Digital breast tomosynthesis (DBT) offers an advantage over conventional digital mammography in only a tiny percentage of women, who have extremely dense breasts and a high risk of breast cancer. The cohort study, published in JAMA (June 14), found no significant difference for diagnosis of advanced cancers for the great majority of women with dense breasts not at high risk of breast cancer.
“Our study shows that, overall, DBT does not reduce the risk of tumours becoming symptomatic between screening intervals or being missed by screening. But the fact that our study shows a decrease in advanced cancer diagnosis among women with the highest density and higher-than-average risk of breast cancer… suggests that DBT may allow detection of aggressive breast cancers earlier before they become advanced in specific groups of women,” says Karla Kerlikowske, the first author from San Francisco Veterans Affairs Medical Center, California. Triaging high-risk women with extremely dense breasts to DBT, she adds, may be indicated.
The US regulator, the FDA, first approved DBT in 2011 and now tomosynthesis is available in most US breast screening clinics (although less widespread in Europe). In comparison to standard digital mammograms, where low-dose X-rays are used to obtain breast images from the front and side, tomosynthesis obtains X-rays from many angles to assemble 3-D breast images. However, long-term data evaluating the effect of DBT on mortality has been unavailable due to the long follow-up intervals required.
Kerlikowske, and colleagues, evaluated whether DBT compared with digital mammography was associated with a lower likelihood of advanced breast cancer among women with dense breasts. Their reasoning is that diagnosis of a tumour that has grown to a more advanced stage is sometimes due to the previous screening failing to reveal a tumour that was already present. For the study, the team obtained data from five Breast Cancer Surveillance Consortium (BCSC) mammography registries, which included 504,427 women aged 40 to 79 years with no history of breast cancer or mastectomy. Between January 2011 and December 2018, the women underwent digital mammogram, DBT mammogram or both, and were followed until 2019. Women were grouped into cancer risk categories using the BCSC risk-assessment tool and breast density measurements were performed during screening. Breast cancer diagnoses were obtained by linking women’s imaging data to pathology data and SEER (cancer registry) programmes.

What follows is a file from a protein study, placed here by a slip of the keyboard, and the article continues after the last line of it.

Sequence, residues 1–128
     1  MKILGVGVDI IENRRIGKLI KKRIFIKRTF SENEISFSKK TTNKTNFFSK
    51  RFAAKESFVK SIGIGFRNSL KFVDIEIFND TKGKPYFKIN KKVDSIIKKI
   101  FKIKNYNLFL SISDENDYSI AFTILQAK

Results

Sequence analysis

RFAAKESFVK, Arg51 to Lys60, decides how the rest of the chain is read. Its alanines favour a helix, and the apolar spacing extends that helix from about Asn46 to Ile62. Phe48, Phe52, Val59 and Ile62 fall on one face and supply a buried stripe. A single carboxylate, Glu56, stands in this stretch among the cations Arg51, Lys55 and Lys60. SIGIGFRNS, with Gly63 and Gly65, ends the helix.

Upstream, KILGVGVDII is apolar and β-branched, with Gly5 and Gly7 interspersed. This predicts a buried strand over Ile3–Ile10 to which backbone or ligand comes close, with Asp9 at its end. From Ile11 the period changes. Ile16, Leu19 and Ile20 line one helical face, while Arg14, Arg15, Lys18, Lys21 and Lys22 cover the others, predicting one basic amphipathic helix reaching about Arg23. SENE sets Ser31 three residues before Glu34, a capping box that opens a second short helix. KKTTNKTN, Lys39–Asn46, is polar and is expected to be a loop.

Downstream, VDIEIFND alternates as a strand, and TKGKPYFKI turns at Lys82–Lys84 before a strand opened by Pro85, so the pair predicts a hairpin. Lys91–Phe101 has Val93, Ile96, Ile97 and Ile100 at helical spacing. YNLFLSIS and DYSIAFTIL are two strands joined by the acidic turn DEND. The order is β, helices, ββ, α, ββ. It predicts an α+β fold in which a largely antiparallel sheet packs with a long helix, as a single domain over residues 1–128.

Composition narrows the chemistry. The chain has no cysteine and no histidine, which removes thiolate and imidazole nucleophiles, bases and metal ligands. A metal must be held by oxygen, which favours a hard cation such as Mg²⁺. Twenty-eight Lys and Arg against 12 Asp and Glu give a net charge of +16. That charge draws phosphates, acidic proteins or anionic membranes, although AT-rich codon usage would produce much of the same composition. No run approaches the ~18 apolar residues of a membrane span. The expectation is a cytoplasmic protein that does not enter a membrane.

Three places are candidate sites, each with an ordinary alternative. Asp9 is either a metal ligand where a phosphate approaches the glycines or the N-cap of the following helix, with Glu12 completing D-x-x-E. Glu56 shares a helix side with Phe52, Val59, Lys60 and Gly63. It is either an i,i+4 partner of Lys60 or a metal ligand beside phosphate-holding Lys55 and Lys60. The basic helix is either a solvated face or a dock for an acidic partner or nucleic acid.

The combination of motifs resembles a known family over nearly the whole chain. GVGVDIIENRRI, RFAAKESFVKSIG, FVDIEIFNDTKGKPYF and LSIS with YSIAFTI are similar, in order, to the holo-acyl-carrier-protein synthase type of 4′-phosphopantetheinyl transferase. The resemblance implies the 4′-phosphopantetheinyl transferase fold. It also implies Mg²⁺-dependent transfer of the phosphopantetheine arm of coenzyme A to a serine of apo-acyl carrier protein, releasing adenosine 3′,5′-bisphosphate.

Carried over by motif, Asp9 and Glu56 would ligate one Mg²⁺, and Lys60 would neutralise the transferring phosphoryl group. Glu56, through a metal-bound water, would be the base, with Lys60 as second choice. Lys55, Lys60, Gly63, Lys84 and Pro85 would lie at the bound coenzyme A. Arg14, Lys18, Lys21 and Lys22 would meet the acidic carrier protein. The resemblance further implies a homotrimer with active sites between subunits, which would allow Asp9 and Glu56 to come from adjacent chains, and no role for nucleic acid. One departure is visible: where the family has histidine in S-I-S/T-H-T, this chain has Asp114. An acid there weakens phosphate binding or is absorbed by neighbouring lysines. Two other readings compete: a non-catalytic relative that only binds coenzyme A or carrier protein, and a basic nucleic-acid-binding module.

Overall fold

Results showed that a total of 308,141 women had digital mammograms (mean 2.2 per woman), 56,939 had only DBT mammograms (mean 1.6 per woman), and 139, 347 had both digital and DBT mammograms (mean 2.3).
Among women with extremely dense breasts and at high risk of breast cancer (composing 3.6% of the study population) rates of advanced breast cancer were 0.27 per 1,000 examinations for DBT versus 0.80 per 1,000 examinations for digital mammography over 12 months (difference −0.53; 95% CI, −0.97 to −0.10).
Among women with non-dense breasts, heterogeneously dense breasts, or with extremely dense breasts but low-to-average risk of breast cancer (composing 96.4% of study population), there were no significant differences in advanced cancer rates between DBT and digital mammography.
In an accompanying editorial Sarah Friedewald and Lars Grimm, from the Northwestern University Feinberg School of Medicine, Chicago, Illinois, comment that the relatively low numbers of women from under-represented groups precludes subgroup analyses for vulnerable populations. “A challenge for the BCSC, and all data repositories, is the demographic limitations of the databases. Compared with the US population, the proportion of Black women (12.2% vs 10.8%) and Hispanic women (13.7% vs 5.2%) in the BCSC are lower.”
Black women, they add, have the highest incidence of breast cancer and, compared with White women, are more likely to have delays in diagnosis, present with advanced disease, and die from breast cancer. “DBT, with its improved ability to detect advanced breast cancer, may be an important factor to help achieve health equity for breast cancer screening,” they write.